Yahoo squished the idea of having an official bug bounty program for years, but now the internet corporation has finally lifted its foot.
The program is only for Yahoo-owned applications, which include yahoo.com, flickr.com and related mobile apps and client-side applications. Bug bounty hunters who discover vulnerabilities in anything else related to Yahoo will be recognized in “another way,” according to the official release.
Rewards range from $250 to $15,000 based on the severity of the flaw. In order to qualify, the bug bounty hunter must be the first to report the issue and must give the Yahoo security team enough time to respond to and correct the vulnerability before it is made public.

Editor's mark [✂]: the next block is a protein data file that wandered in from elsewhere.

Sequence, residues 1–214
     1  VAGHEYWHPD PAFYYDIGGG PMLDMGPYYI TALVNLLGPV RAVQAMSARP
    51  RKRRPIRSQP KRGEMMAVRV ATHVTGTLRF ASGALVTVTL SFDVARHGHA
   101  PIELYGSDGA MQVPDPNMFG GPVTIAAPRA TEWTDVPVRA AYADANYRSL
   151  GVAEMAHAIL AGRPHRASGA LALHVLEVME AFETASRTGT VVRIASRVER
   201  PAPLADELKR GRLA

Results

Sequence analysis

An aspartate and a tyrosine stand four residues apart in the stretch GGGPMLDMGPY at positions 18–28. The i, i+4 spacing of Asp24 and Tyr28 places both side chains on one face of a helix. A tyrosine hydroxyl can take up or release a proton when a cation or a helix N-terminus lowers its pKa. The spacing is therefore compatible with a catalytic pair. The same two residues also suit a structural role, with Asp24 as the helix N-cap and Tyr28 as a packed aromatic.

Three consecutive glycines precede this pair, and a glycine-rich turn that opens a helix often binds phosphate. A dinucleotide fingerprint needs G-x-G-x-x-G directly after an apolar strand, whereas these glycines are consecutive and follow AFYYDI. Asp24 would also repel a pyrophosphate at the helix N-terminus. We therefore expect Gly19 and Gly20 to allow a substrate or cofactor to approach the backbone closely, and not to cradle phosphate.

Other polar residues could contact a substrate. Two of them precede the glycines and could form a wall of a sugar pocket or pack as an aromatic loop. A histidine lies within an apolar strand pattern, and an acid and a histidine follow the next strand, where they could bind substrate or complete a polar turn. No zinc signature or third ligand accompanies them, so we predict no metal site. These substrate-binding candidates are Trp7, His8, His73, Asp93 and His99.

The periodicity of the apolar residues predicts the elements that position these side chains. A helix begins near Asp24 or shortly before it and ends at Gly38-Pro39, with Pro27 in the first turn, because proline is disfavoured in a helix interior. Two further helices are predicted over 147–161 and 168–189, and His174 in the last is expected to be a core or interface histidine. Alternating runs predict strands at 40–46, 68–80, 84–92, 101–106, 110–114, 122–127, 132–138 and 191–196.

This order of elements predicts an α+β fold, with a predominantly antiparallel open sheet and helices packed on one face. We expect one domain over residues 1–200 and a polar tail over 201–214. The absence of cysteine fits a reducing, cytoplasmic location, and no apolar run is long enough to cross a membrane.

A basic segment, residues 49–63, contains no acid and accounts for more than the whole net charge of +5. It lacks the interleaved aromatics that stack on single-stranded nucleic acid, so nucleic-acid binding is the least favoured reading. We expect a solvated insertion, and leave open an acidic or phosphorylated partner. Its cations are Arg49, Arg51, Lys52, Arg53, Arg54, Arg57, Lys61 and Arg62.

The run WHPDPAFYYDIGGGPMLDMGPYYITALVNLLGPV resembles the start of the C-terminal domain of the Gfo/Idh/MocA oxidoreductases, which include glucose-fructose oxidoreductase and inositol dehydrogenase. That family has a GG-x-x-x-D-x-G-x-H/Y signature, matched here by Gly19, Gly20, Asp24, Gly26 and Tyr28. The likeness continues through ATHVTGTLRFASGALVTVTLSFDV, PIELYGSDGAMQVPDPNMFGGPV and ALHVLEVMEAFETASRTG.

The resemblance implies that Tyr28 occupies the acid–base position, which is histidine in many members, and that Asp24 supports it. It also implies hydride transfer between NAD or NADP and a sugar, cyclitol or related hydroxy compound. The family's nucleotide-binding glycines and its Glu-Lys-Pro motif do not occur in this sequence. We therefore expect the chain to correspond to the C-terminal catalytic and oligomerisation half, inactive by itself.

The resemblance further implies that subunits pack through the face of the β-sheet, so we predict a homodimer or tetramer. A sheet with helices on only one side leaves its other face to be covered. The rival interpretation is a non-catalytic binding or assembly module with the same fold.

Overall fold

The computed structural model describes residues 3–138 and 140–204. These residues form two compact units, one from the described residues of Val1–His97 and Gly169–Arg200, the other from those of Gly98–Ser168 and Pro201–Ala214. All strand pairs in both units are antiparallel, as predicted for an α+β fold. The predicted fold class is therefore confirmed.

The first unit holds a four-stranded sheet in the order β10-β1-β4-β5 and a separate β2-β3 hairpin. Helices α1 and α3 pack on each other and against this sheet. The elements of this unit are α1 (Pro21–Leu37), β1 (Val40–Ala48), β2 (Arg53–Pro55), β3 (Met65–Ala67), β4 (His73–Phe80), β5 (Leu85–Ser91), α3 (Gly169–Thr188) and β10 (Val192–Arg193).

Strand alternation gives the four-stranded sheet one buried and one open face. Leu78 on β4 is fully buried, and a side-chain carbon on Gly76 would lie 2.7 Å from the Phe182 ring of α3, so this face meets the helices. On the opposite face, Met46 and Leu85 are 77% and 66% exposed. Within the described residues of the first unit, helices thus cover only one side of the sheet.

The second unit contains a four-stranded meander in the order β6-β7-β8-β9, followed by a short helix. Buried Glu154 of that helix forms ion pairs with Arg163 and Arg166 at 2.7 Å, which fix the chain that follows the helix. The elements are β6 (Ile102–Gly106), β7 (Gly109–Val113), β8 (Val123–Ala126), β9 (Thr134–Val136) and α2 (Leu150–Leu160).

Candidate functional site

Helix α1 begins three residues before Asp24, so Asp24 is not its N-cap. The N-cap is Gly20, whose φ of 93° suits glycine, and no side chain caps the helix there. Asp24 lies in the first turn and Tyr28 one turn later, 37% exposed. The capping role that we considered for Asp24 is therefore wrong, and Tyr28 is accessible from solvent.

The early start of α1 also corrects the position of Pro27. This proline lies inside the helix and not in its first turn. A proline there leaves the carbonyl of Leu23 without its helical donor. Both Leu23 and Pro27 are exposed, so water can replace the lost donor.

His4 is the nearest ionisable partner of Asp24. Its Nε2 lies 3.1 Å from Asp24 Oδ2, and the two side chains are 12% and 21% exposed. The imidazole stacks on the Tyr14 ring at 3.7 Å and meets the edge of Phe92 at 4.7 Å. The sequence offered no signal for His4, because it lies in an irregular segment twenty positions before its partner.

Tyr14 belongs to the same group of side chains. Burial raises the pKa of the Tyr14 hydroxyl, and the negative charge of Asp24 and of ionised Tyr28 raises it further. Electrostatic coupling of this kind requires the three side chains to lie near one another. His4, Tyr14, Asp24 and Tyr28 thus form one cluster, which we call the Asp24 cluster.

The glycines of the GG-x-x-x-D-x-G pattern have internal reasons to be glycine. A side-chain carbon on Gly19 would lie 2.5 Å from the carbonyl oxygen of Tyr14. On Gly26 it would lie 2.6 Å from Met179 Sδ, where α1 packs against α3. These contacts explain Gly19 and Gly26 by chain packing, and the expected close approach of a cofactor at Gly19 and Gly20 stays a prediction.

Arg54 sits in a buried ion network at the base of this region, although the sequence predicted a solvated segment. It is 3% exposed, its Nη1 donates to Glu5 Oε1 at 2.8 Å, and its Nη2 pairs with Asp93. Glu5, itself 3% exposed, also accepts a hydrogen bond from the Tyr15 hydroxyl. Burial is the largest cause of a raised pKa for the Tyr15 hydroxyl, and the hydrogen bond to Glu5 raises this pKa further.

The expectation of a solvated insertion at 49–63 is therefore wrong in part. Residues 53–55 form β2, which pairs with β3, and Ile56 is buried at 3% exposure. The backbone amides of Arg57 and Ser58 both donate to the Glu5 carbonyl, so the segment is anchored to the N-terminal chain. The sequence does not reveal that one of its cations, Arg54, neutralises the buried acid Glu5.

Flaws that will be considered for monetary rewards include cross-site scripting, SQL injection, open redirect, remote code execution, cross-site request forgery, directory traversal, information disclosure, content spoofing and clickjacking. Yahoo will respond accordingly to other reported vulnerabilities.
The move appears to be in response to an early October media debacle that ensued after a Swiss penetration testing firm was rewarded $25 in Yahoo store credit for alerting the internet corporation of three significant cross-site scripting flaws.
The flaws, which affected the ecom.yahoo.com and adserver.yahoo.com domains, could allow any “@Yahoo.com” email account to be compromised if a logged-in user clicked a malicious link sent by a saboteur.